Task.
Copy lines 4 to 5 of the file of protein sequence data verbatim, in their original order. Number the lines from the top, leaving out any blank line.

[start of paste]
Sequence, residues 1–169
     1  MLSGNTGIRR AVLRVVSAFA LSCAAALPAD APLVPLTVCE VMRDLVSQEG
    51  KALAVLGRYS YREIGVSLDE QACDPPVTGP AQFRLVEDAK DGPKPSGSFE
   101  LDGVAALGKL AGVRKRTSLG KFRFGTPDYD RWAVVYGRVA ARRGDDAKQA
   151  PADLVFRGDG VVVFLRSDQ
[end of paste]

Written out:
   101  LDGVAALGKL AGVRKRTSLG KFRFGTPDYD RWAVVYGRVA ARRGDDAKQA
   151  PADLVFRGDG VVVFLRSDQ